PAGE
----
The Washington Post reports that Trials Set To Begin For Four at Guantanamo. In addition to the many fundamental structural failures (e.g. limited rights of appeal, limited access to counsel and witnesses) which are damaging our national reputation, stay alert for news of little-discussed but critical biases in implementation of the rules.
- Have the defendants' lawyers had access to sufficient translation resources to meaningfully prepare the defense? [Earlier reports suggested the answer was “not at all”.]
- Will the court hear arguments that the trials cannot go forward in light of the Supreme Court's decisions earlier this year? [I'd be surprised.]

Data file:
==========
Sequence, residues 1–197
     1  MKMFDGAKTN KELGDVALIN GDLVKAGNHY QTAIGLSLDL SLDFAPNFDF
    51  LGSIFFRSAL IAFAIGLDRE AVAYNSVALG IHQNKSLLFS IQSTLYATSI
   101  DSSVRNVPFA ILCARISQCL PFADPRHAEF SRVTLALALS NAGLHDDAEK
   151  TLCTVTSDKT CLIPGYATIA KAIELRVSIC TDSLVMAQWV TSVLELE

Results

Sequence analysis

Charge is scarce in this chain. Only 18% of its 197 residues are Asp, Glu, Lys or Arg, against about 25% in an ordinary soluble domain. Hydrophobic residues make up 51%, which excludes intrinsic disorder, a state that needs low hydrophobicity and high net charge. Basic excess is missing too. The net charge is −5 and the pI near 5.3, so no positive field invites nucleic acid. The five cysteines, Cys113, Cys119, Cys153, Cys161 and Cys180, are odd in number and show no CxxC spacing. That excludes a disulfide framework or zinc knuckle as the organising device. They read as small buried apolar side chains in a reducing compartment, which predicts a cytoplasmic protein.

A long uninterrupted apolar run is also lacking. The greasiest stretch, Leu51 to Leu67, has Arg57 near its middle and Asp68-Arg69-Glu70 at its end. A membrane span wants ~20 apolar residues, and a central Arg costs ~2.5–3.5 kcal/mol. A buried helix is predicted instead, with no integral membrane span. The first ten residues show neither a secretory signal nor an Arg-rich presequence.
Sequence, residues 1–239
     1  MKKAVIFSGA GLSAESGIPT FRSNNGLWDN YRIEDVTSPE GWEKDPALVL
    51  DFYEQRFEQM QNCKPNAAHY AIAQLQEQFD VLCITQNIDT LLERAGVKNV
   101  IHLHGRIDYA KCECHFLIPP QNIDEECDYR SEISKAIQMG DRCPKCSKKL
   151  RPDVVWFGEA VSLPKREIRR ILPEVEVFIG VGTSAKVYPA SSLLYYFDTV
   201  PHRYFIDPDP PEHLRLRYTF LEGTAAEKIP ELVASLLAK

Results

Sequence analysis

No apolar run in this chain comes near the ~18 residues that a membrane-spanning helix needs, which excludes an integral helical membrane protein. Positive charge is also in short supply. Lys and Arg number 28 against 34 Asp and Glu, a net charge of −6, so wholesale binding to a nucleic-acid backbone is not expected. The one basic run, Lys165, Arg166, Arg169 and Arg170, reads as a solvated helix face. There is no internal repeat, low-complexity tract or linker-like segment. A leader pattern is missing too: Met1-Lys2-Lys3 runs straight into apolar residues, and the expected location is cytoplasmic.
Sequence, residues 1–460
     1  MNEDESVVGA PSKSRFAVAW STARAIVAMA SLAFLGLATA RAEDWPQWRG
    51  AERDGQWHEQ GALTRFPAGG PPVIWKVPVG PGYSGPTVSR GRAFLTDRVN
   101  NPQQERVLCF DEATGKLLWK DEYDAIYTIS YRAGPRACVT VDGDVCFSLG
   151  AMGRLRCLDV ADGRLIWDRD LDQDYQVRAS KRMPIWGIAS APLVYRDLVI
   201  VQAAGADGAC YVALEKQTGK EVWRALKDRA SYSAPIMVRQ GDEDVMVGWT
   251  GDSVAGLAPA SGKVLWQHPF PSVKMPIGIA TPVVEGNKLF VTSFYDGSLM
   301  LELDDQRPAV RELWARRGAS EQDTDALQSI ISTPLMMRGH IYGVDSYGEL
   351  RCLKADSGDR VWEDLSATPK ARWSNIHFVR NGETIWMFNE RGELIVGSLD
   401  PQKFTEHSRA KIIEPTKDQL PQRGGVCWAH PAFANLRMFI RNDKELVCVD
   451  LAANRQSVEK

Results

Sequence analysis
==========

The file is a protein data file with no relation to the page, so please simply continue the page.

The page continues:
- Does a civilian court have jurisdiction to enjoin these trials? [I have no idea, and suspect it's an interesting question.]
- Are the defense lawyers in a separate chain of command from the prosecution? [This is the norm in military trials — but was not the case in Guantanamo the last I heard, admittedly some months ago. It's a vastly important question, not just because of the potential for subtle pressure on the advocates — at least one of whom has already suffered a career-ending non-promotion, but also because it means there is no higher-up likely to go to bat for needed resources.]